Unbubbled: Jamie King and Sarah Henry, with David Gerard and Emin Gün Sirer

I recorded an interview in early October with Jamie King and Sarah Henry for their new show on LBRY, Unbubbled.

The LBRY proposal is a censorship-resistant video platform that was funded by a presale of the platform’s payment token. There were a number of serious problems with it a year ago (read the Reddit AMA, it’s a hoot), which they say they’ve now fixed.

But viewers don’t care about the platform, they care about the content. So here we go! Jamie and Sarah discuss Bitcoin’s present and possible futures, seeing if they can change each other’s minds, interspersed with clips from the guests.



The guest experience:

The impression on the LBRY website is of a debate between me and Professor Sirer, though we didn’t interact, let alone debate — if we had, it would have been a completely different show. (Anyone want to do this one?) I had no idea that Sirer would be involved until right at the end of recording my bit.

There’s a bit much describing my words instead of actually using them, when they had the tape right there. I got the same impression of Sirer’s clips. The show becomes a commentary on video it doesn’t show you — it feels like you missed previous episodes or something.

Jamie complains a couple of times that I didn’t back my words, after he’s read the book in which I do at length, so he knows I could — there’s an entire chapter on the libertarian roots of Bitcoin and there’s at least a chapter’s worth on Bitcoin economics and the ways in which it really doesn’t work. The book cites the best numbers I could find on drugs versus ransomware, $140m/yr vs $1b/yr; that wasn’t just a personal opinion. At no point during the recording did he, e.g., say “can you expand on that” on the points he’s claiming I don’t back.

That said, my clips are representative of what I think and are in appropriate context. I’m very happy with having gone on the show, and you should feel fine about going on too.

This is just the pilot episode. For the future, give the guests a bit more room to run, use their words instead of describing them — your guests are your hooks, after all. The format has potential and I can see this working well.


The recording process involved taking a pile of potato-quality equipment (at both ends) and some gaffer tape and seeing what we could extract from it — junkyard computing. The resulting video came out surprisingly well, though bits of the experience were like a certain XKCD cartoon.

I originally thought Jamie would be recording sound with me over Skype. He emailed the night before asking what my home video setup was like. I went “what.”

I don’t have a video setup. My laptop is my work Lenovo X240, which is a marvellous terminal for sysadmin work, blogging and looking at cat pictures, but not so hot for encoding and decoding multiple streams of 1080p MP4 video simultaneously. Also, the sound recording is really appallingly terrible.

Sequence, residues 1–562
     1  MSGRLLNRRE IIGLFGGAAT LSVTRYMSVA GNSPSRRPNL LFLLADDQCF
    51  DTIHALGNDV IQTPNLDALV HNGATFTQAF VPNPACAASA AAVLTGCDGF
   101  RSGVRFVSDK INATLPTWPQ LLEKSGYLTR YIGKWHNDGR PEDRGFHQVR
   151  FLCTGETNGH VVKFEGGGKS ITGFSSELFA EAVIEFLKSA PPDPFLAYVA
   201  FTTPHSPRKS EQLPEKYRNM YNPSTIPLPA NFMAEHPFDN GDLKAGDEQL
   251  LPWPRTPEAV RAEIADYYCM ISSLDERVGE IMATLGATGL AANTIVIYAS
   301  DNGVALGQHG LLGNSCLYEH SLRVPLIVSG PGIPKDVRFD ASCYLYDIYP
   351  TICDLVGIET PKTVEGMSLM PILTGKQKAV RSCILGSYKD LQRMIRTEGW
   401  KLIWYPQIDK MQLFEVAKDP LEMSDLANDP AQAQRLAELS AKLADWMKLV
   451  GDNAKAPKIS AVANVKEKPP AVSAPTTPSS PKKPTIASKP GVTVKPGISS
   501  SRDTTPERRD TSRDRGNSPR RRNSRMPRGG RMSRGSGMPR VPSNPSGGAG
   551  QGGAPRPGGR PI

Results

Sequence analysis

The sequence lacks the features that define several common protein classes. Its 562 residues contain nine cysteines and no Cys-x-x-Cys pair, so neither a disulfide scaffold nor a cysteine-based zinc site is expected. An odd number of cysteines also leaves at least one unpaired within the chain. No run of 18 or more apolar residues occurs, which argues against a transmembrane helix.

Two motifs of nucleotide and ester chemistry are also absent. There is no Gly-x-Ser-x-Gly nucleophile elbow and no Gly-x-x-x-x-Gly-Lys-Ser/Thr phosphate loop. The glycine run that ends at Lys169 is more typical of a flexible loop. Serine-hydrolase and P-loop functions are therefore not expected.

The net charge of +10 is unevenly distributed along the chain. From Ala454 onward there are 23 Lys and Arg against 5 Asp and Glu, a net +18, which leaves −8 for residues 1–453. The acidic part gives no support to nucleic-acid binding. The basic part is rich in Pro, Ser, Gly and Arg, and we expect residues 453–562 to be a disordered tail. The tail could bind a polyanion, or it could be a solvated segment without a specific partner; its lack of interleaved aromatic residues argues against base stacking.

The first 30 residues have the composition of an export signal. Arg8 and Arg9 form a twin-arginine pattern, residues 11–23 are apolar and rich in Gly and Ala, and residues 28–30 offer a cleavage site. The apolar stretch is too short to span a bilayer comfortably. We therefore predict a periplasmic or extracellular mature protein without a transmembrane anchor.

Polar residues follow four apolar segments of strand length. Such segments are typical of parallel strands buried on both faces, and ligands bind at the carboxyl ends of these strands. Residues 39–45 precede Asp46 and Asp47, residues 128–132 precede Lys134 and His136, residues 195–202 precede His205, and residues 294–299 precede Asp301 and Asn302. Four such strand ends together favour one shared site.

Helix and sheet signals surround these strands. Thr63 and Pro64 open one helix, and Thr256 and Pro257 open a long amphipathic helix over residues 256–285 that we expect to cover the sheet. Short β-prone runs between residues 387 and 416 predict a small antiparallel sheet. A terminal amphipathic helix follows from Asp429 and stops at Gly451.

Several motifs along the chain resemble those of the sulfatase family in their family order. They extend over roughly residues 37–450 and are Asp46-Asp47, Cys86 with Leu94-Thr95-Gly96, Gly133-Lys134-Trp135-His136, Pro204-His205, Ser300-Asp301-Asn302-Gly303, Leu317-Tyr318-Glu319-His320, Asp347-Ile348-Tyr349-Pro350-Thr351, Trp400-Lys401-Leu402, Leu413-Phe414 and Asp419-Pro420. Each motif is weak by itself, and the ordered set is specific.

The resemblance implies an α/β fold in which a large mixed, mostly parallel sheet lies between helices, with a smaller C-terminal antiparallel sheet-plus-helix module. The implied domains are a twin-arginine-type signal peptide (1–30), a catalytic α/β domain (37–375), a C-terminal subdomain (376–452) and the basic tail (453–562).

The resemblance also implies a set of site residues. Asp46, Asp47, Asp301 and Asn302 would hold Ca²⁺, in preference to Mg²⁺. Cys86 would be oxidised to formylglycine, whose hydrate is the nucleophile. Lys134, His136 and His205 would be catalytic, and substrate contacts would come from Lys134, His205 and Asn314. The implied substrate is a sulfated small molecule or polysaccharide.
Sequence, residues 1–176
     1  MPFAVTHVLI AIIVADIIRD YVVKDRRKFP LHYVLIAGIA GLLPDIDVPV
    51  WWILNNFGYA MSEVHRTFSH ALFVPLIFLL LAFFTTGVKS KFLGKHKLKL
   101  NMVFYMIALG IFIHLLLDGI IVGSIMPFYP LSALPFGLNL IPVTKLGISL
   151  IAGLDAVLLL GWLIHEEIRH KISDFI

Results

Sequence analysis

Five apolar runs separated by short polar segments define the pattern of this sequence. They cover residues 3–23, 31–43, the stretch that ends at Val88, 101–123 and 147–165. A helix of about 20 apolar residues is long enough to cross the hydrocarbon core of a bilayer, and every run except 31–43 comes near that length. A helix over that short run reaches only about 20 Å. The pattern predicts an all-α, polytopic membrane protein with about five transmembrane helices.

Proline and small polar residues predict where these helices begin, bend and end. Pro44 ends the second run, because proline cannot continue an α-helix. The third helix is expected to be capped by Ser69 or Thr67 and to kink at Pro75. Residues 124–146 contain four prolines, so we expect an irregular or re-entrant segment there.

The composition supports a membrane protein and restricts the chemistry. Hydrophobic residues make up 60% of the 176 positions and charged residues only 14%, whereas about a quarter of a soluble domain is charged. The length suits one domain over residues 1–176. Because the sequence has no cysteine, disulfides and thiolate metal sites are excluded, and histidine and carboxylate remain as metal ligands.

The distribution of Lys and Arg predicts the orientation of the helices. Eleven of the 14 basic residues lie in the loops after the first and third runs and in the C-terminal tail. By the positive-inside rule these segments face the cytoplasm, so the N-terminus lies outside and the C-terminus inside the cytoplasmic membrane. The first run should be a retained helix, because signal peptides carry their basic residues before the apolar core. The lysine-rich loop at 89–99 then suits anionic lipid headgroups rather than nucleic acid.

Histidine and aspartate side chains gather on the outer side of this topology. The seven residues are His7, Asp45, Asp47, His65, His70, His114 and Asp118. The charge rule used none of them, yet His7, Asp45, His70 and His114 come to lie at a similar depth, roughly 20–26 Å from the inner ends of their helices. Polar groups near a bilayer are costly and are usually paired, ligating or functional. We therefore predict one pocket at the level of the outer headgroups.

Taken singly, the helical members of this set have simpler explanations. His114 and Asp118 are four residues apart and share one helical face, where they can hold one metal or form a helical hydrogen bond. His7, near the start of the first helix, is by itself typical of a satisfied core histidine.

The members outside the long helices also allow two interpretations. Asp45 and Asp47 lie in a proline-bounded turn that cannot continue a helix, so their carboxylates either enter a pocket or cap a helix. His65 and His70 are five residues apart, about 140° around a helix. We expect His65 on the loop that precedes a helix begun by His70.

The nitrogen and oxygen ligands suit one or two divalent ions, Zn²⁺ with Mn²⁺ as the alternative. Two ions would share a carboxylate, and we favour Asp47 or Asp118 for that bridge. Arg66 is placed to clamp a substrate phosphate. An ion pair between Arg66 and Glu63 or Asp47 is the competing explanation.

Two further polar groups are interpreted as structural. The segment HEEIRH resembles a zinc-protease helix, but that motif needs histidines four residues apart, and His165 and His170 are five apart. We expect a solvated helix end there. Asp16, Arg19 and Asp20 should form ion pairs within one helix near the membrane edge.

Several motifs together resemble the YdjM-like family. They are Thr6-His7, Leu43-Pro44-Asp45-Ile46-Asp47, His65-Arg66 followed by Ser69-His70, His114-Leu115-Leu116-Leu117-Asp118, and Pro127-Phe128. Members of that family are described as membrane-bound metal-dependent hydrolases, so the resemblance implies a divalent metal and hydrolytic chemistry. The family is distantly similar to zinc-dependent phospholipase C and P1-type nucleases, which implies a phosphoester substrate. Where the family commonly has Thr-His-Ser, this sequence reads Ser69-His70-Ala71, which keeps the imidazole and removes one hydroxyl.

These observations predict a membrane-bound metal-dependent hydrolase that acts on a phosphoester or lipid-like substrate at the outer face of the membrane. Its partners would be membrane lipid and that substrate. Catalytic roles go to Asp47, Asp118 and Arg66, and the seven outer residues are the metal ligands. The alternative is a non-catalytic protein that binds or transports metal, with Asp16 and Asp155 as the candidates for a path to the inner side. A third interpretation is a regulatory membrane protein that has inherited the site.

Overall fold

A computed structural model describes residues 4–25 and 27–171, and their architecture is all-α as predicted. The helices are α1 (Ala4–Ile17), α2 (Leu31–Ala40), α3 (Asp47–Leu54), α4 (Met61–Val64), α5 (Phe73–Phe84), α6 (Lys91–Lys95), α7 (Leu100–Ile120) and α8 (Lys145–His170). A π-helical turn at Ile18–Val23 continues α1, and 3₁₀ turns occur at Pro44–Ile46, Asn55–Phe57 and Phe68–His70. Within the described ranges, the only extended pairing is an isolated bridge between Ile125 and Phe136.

The loved one has previously done road crew, and if she’d had 48 hours’ notice we could have rivaled the BBC. As it was, we tried various methods of recording a video phone call. Skype ended up unfortunately pixelated. Google Hangout was 2004 camera phone quality and I’ll never use it for anything if I can avoid it.

(“Yeah, juryrigging reflectors for desklamps and light filters are trivial if I have more than 24 hours’ notice. New mic stand was on my mental wishlist anyway — again, more than 24 hours’ notice, I could probably have borrowed one I think. My microphone is actually the best you’re going to get for under £100 frankly. If this is going to be a ‘more than once every 6 months’ deal? Then you’re helping me to rearrange the livingroom so I can set up a second desk, I build an A/V desktop and sort out space for a foldaway backdrop” — Arkady.)

We eventually resorted to a couple of Android tablets (10″ Galaxy Tab A 2016) — Samsung phones and tablets tend to have very good and usable sound for voice. The video is less than ideal — a bit dim, even in a room lit with a 30W (equivalent 150W) 6400K daylight bulb, so very grainy — and tops out at 720p, but you can get away with mediocre video if your sound is good. The camera is off to one side and I eventually just gave up trying to look at it, so you’ll see my eyes are all over the place.

I did video on my tablet on the selfie app, while simultaneously Skyping to Jamie and Sarah on the loved one’s tablet. Both were precariously positioned and gaffer-taped onto her laptop stand at a funny angle. We only had a couple of hilariously catastrophic gaffer tape failures where everything collapsed in a slapstick moment while recording. (“YOU CAN EDIT!”) I sent them 5.5GB of two video files over Google Drive, which took a couple of days to upload.

Professor Sirer’s bits ended up being just sound with a photo. Apparently he had a worse time than me …

Next task: the loved one to direct me in purchase of various bits and bobs — standard lamps with 30W 6400K CFL bulbs; mic stands with arms; non-rubbish microphone — to turn my corner of the couch in the front room into a home pundit studio. Possible green screen. A PC with enough grunt to process all of this. (I’m setting up a Patreon for this blog, and may put together a shopping list of goals.) Train myself to be more animated on screen …

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